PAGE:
10/03/2013 | by
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Health care REIT HCP, Inc. (NYSE: HCP) on Oct. 3 announced a transition in its top management. Lauralee Martin, 62, has taken over for Jay Flaherty as president and CEO of the company, while Michael D. McKee, 67, is replacing Flaherty as chairman of the company’s board of directors.

The company also announced that Kenneth B. Roath, 77, HCP’s chairman emeritus and the company’s first president, has decided to step down from the board of directors. Roath served as HCP’s CEO and chairman from 1988 to 2003.

During a conference call following the announcement, McKee said the decision to remove Flaherty from his position as chairman, president and CEO was not related to the firm’s stock performance or business performance. McKee and Martin emphasized that despite the move, company strategy has no plans to alter its current strategy.

“This is not about a new direction or a new strategy, but it’s about leadership,” McKee said. “We appreciate the contributions that Jay has made over the last decade.”

The board’s view that the HCP platform is “in very good shape” actually helped precipitate the move, according to McKee.

“From the perspective of the board, we felt that this was actually a good time to make a transition because of the current strength of the company,” he said.

“HCP is experiencing positive momentum and achieving consistent financial results,” Martin said in a release accompanying the announcement.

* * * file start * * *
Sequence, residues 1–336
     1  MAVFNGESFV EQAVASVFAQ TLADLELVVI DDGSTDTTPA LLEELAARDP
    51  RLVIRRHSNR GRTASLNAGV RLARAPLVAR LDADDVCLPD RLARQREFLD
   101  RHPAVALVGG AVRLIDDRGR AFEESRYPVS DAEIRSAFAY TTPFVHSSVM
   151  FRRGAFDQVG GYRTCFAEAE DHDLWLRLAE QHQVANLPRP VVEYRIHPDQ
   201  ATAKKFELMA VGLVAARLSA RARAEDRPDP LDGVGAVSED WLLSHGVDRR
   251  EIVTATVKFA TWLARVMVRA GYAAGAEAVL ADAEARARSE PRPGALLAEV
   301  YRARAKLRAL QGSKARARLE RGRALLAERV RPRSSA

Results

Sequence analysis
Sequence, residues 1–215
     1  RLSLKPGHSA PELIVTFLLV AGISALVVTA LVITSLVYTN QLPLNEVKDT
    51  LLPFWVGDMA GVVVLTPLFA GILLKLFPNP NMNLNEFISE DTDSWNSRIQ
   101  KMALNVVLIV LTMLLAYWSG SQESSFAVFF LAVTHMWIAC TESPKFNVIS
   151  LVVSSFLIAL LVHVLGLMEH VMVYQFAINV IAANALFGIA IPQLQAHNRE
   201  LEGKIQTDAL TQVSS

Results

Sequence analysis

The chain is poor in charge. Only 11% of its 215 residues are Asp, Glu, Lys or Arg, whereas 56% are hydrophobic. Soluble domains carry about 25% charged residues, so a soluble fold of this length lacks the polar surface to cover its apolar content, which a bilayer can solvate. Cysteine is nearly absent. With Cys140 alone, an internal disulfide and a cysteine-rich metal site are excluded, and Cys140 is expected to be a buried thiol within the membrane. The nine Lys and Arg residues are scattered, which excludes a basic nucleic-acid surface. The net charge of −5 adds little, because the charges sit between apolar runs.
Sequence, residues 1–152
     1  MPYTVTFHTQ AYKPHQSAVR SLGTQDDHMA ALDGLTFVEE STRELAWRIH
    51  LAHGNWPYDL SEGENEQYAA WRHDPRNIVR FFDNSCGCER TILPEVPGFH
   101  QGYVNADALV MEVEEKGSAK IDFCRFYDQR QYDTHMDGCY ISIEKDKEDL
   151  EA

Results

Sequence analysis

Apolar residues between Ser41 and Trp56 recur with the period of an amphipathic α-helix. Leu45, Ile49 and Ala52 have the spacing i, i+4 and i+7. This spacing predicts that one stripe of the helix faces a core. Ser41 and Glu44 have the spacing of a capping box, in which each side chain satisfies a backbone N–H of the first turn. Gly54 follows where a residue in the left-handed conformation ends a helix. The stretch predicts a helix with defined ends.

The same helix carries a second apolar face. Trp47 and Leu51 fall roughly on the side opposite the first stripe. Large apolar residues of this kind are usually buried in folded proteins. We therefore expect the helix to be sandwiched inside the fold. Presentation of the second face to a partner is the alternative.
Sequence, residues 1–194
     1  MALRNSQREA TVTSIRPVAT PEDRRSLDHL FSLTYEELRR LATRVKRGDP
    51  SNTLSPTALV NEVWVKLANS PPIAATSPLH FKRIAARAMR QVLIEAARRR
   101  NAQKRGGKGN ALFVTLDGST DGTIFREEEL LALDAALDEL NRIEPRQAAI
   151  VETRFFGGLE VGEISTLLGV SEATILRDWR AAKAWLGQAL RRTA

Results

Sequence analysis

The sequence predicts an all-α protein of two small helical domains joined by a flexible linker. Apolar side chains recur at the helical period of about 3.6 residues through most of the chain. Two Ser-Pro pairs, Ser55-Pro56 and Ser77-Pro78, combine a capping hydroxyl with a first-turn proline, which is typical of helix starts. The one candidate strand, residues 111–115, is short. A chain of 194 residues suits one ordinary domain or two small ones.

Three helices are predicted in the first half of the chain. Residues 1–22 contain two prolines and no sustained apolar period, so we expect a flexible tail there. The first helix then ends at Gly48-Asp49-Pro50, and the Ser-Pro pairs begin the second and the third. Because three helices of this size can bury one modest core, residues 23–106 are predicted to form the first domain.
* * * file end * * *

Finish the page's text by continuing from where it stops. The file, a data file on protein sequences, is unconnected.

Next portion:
While serving as chief executive of the Americas division of Jones Lang LaSalle, Inc., Martin has been a member of HCP’s board of directors for the last five years. Martin joined Jones Lang as chief financial officer in 2002. She added the position of chief operating officer to her responsibilities in 2005 and became a member of the Jones Lang board of directors that year. She was named head of the firm’s Americas division earlier this year.

In a note to clients, Richard Anderson, a REIT analyst with BMO Capital Markets, speculated that the decision to replace Flaherty could lead to further attrition in the firm’s management ranks.

Flaherty will retain his seat on the company’s board until the end of the year, according to McKee, at which point his status will be re-evaluated.

Through midday trading, HCP’s stock price had fallen 4.3 percent from the previous day’s close.